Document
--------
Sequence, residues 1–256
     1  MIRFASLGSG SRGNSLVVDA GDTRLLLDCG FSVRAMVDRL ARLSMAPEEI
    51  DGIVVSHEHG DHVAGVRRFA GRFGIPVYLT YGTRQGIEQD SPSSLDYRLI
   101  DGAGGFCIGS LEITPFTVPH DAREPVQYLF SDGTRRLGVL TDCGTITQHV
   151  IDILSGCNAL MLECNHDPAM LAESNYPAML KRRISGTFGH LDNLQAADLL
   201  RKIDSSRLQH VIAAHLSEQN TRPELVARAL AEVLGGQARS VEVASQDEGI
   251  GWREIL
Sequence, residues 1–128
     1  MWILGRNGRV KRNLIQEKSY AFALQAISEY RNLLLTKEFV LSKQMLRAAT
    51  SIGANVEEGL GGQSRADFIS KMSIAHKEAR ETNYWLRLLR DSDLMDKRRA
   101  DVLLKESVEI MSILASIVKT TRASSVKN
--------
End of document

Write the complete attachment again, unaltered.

Sequence, residues 1–256
     1  MIRFASLGSG SRGNSLVVDA GDTRLLLDCG FSVRAMVDRL ARLSMAPEEI
    51  DGIVVSHEHG DHVAGVRRFA GRFGIPVYLT YGTRQGIEQD SPSSLDYRLI
   101  DGAGGFCIGS LEITPFTVPH DAREPVQYLF SDGTRRLGVL TDCGTITQHV
   151  IDILSGCNAL MLECNHDPAM LAESNYPAML KRRISGTFGH LDNLQAADLL
   201  RKIDSSRLQH VIAAHLSEQN TRPELVARAL AEVLGGQARS VEVASQDEGI
   251  GWREIL
Sequence, residues 1–128
     1  MWILGRNGRV KRNLIQEKSY AFALQAISEY RNLLLTKEFV LSKQMLRAAT
    51  SIGANVEEGL GGQSRADFIS KMSIAHKEAR ETNYWLRLLR DSDLMDKRRA
   101  DVLLKESVEI MSILASIVKT TRASSVKN